Tobey Curtis - New England District
Tobey Curtis is a Fishery Management Specialist in the NMFS Highly Migratory Species Management Division in Gloucester, MA, and a PhD Candidate at the School for Marine Science and Technology (SMAST) at the University of Massachusetts Dartmouth.Working at the interface of science and management, Tobey’s general research focus is on the fisheries biology and ecology of sharks, skates, and rays.Specifically, Tobey’s interests are in applying electronic tagging technologies to answer questions about movement, migration, habitat selection, behavior, and physiology.Currently, he is collaborating on projects deploying satellite tags on basking sharks, juvenile white sharks, and thorny skates off the northeastern U.S.
Tobey joined AIFRB in 2016, and is also a member of the American Fisheries Society and American Elasmobranch Society.He enjoys taking his two young boys fishing for largemouth bass and bluegill sunfish.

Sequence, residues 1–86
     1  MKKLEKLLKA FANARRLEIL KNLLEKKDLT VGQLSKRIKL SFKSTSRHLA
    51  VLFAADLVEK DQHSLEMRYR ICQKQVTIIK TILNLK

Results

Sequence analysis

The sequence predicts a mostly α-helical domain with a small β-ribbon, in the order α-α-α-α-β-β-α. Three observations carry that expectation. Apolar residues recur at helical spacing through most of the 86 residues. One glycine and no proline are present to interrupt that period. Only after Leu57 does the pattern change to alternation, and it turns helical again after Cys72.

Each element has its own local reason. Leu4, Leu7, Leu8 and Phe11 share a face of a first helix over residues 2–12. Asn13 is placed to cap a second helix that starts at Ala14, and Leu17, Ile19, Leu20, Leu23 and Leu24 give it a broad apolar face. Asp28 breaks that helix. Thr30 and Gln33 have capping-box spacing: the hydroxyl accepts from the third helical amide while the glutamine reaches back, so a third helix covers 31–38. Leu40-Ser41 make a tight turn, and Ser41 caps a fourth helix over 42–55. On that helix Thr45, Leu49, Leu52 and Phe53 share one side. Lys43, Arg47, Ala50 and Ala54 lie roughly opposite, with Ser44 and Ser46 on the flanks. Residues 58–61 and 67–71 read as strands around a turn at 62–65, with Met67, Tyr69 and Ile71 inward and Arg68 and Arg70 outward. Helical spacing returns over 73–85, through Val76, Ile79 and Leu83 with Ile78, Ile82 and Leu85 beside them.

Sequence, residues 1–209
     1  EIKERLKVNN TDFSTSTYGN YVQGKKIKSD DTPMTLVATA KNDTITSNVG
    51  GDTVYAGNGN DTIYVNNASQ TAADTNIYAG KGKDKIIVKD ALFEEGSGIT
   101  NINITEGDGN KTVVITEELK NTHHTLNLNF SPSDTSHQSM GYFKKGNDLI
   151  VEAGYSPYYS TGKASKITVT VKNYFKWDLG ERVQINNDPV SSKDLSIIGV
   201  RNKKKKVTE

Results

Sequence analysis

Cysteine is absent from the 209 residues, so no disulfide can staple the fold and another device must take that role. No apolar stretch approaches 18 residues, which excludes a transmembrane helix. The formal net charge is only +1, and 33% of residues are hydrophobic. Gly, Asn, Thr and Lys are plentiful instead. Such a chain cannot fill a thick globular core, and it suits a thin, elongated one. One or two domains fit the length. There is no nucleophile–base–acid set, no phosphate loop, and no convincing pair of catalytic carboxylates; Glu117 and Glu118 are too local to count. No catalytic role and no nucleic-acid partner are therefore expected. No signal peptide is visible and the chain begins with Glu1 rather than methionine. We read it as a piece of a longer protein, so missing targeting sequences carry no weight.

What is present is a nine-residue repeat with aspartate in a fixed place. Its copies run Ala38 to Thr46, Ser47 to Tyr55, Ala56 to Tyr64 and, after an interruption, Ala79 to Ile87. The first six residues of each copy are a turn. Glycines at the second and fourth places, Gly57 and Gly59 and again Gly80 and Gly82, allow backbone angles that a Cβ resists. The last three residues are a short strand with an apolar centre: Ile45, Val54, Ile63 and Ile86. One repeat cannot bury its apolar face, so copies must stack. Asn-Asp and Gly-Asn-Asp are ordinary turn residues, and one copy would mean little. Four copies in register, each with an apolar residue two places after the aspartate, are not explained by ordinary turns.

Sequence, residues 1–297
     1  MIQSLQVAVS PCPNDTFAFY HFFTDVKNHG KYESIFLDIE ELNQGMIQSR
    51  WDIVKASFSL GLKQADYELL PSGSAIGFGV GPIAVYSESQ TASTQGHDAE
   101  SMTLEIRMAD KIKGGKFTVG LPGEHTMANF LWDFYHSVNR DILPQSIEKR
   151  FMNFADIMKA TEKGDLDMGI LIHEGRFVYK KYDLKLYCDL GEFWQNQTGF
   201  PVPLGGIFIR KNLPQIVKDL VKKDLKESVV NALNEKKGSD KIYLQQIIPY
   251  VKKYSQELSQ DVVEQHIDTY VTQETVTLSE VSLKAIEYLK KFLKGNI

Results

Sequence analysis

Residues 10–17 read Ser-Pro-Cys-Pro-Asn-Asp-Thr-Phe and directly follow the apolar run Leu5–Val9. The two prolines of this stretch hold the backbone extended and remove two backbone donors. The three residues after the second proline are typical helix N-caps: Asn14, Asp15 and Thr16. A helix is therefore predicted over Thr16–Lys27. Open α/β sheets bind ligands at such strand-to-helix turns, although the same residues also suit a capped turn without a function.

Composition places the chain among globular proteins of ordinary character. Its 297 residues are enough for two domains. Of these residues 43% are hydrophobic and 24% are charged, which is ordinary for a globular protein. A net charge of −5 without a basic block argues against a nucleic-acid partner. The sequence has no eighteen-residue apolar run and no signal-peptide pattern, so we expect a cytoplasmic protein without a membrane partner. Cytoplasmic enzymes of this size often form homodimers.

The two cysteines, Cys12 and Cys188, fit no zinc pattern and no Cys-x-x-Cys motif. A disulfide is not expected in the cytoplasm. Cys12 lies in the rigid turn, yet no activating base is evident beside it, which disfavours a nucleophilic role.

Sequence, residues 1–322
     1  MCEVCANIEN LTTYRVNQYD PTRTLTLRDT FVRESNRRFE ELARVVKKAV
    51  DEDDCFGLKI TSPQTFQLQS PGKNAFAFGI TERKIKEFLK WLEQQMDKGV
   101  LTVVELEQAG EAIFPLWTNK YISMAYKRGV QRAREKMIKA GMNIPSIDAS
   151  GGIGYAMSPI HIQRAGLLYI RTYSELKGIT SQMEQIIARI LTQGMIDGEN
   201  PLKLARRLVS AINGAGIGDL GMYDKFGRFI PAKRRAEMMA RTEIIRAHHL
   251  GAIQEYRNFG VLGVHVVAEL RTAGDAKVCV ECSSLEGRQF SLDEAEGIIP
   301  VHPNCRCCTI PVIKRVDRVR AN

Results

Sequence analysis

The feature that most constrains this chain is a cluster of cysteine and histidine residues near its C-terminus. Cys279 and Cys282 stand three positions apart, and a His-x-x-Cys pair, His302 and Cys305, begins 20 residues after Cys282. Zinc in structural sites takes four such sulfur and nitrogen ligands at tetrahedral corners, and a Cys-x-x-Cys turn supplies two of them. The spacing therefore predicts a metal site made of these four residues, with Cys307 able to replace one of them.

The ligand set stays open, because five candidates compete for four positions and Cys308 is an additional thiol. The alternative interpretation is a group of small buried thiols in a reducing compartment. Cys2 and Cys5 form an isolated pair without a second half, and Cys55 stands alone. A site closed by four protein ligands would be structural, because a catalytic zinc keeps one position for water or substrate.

Tobey’s recent publications
Haugen, J.B., , P.G. Fernandes, K.A. Sosebee, and P.J. Rago. 2017. Sexual segregation of spiny dogfish () off the northeastern United States: Implications for a male-directed fishery. 193: 121-128.
Grubbs, R.D., J.K. Carlson, J.G. Romine, , W.D. McElroy, C.T. McCandless, C.F. Cotton, and J.A. Musick. 2016.Critical assessment and ramifications of a purported marine trophic cascade. Nature - Scientific Reports 6: 20970.
Curtis, T.H., S.I. Zeeman, E.L. Summers, S.X. Cadrin, and G.B. Skomal. 2014. Eyes in the sky: Linking satellite oceanography and biotelemetry to explore habitat selection by basking sharks. Animal Biotelemetry 2:12.
Curtis, T.H., C.T. McCandless, J.K. Carlson, G.B. Skomal, N.E. Kohler, L.J. Natanson, G.H. Burgess, J.J. Hoey, and H.L. Pratt. 2014. Seasonal distribution and historic trends in abundance of white sharks, Carcharodon carcharias, in the western North Atlantic Ocean. PLoS ONE 9(6): e99240.
More information about Tobey’s research can be found here: